How am I going to get an A in this course?
As of today, you are learning for life, not for exams.
College is your last chance to learn how to learn by yourself, without pressure from parents, teachers, or peers. You want to learn that, because the quality of your life depends on it. Your life. Nothing more, nothing less.
Naturally, we understand that you want some feedback, both in terms of specific corrections and in terms of a grade. You want feedback so that you can improve your learning process. And we will give you that feedback. It is our end of the bargain. Your end is to demonstrate that you actually study the methods we teach so that they become second nature. After all, you don’t want to waste your time, and we don’t want to waste ours either.
So, if you wish to earn a grade in this course, you must complete the Course Contract, in the Handin Server in your first lab session (2501); you should not leave the lab without having signed a signed contract. Your signature acknowledges that you have read these notes and understood the contract between you and the course staff. Promise As long as you will live up to its spirit, we will stand by you during this semester.
Professor Razzaq’s office hours will be held in Nightingale 132C on Mondays 1:30-2:30 and Tuesdays 1:30-2:30 and by appointment.
The course comes with two lab sections. The labs start the first week of class.
You signed up for a lab section during registration. You must attend the lab section you signed up for.
The purpose of labs is to give you some hands-on experience with the actual tools, and to explain some of the principles from lecture with hands-on examples.
We will use DrRacket (v6.12), a programming environment for a family of programming languages. For Fundamentals I, we will stick to the HtDP teaching languages plus a small number of teachpacks. DrRacket is installed on the CCS computers.We urge you to download DrRacket to your own computer so that you can work on CS 2500 wherever, whenever you like. It is also freely available on the web in case you wish install it on your own computer.
DrRacket runs on most popular platforms (Windows, Mac OS X, Linux, and other *nixes). Programs written in the teaching languages have mostly the same behavior on all platforms. You therefore do not need to worry what kind of machine you use when you run your programs.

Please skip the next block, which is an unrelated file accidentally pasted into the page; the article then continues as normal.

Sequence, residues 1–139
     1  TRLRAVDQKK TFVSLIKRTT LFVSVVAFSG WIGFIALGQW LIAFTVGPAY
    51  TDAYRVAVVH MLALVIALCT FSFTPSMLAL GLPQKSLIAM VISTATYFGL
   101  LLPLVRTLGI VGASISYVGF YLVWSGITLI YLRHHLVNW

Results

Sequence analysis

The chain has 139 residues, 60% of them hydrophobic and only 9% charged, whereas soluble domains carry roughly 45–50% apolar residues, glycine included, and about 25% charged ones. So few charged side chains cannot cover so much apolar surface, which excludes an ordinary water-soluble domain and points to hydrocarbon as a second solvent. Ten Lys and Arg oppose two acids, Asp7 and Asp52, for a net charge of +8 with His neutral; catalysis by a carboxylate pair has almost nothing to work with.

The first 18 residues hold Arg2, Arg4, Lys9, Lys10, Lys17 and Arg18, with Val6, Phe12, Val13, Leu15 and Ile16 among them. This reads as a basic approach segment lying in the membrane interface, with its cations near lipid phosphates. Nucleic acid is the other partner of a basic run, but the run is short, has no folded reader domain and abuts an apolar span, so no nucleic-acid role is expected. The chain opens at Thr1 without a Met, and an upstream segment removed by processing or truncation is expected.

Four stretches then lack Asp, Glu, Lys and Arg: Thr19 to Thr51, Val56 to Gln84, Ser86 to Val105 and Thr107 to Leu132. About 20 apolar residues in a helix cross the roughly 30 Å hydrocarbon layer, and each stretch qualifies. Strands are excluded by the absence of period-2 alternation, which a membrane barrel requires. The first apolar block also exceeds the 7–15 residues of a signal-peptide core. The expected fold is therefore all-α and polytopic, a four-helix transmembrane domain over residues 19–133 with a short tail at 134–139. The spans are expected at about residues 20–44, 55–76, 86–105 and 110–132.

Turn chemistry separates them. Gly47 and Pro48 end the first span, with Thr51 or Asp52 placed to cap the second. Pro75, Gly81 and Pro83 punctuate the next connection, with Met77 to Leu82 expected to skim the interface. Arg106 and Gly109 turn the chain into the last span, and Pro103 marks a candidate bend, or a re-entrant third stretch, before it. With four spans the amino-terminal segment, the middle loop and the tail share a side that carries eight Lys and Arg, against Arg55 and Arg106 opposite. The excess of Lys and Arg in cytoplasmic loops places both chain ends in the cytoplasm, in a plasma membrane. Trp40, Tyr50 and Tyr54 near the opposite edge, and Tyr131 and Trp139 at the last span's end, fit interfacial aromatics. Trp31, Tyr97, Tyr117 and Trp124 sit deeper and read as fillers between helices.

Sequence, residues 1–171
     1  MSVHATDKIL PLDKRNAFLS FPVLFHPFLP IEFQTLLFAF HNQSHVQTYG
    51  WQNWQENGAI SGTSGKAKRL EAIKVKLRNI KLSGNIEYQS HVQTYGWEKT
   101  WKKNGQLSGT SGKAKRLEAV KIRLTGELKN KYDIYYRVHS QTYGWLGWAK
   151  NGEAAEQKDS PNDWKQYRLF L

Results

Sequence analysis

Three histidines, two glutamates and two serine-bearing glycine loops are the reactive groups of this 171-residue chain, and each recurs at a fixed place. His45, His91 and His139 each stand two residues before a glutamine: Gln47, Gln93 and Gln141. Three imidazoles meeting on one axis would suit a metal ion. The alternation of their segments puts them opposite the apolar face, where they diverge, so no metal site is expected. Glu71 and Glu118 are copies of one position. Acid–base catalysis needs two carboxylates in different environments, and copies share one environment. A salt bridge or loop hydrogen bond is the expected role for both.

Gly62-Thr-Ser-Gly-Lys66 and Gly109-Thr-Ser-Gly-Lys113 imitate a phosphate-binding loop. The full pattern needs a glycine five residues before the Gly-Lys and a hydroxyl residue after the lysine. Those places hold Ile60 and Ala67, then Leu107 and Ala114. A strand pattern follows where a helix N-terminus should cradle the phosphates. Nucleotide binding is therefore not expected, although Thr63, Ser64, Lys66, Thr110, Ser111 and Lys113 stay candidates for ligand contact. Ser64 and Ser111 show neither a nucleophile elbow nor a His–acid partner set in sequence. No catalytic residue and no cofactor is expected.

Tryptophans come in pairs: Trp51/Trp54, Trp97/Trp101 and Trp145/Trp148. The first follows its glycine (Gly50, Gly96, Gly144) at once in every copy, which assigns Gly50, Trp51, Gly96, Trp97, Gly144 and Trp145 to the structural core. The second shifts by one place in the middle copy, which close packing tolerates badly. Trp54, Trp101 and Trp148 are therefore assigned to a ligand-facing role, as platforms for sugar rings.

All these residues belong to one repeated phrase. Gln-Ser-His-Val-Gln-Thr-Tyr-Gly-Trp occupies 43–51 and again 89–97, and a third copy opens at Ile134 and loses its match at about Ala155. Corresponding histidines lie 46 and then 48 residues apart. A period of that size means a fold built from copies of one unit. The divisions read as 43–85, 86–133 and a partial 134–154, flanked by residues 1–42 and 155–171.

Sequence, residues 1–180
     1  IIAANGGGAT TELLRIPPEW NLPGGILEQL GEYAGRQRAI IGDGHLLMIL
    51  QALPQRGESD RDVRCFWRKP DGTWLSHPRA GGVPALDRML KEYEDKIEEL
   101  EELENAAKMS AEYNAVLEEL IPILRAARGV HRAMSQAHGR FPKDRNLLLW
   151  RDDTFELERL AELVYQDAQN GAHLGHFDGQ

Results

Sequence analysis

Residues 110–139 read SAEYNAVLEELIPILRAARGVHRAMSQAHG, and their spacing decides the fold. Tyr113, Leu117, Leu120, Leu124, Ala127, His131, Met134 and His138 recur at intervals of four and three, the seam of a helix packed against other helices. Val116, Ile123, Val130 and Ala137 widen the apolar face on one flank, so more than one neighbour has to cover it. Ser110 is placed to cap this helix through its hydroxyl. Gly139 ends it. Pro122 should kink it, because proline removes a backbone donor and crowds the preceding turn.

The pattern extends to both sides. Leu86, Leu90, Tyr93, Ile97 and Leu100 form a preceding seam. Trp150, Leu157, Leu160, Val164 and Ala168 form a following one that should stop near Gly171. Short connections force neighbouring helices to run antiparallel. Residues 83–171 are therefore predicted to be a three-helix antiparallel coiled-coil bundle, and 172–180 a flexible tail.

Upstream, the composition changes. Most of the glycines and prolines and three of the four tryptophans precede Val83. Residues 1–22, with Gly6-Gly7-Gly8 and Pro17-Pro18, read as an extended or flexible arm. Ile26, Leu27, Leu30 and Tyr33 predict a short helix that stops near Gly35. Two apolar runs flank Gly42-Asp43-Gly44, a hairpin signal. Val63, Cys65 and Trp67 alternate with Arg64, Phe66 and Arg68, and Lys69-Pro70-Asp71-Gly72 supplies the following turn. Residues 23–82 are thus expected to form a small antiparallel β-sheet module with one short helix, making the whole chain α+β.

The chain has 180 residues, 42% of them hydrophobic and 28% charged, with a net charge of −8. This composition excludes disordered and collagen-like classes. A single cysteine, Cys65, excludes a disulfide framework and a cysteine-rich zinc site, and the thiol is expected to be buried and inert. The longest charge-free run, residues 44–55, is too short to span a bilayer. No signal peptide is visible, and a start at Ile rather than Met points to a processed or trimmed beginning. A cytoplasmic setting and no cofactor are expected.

The purpose of the problem sets is to prepare you for the exam. There will be 1-2 assignments per week.
Late policy: Each student gets two free, no-questions-asked late days for the term. The purpose of late days is to make the extension process fair and transparent by getting the instructors out of the extension-granting business entirely. Instead, when you need an extension, you can take one — provided you have a late day remaining.
To use a late day, log on to the submission server after the deadline has passed. You will see a link to request a late day for the particular homework. The server will keep track of the number of used late days. Conserve your late days carefully.
Late days cannot be divided fractionally, but must be used whole. Late days cannot be transferred to or shared with a partner, so in order to take an extension both you and your partner must have sufficient late days remaining. Late homework is not accepted if you have no late days remaining.
You must work on your graded problem sets in assigned pairs. Your partner will be signed up for the same lab as you; your lab TA will assign you the first partner. We will switch partners once or twice.
Pair programming means that you and your partner work on the problem sets jointly. You read them together and you work on the solutions together. One of the lab’s purposes is to teach you how to work in pairs effectively; indeed, pairs are provably more effective than individuals in programming. The rough idea is this: One of you plays pilot, the other co-pilot. The pilot works on the keyboard and explains aloud what is going on; it is the co-pilot’s responsibility to question things that do not make sense. After a problem is solved to the satisfaction of both, you must switch roles.
We will have two exams to assess your progress.
You may bring one piece of paper to the exam, double sided, with anything written (or typed) on it that you want. We are limiting you in this way because (a) writing this one sheet of paper is an excellent way to study and (b) we have found that in the past, the more papers that students bring to the exam, the worse they do. We want you to focus on the exam, not on shuffling through everything you’ve ever written.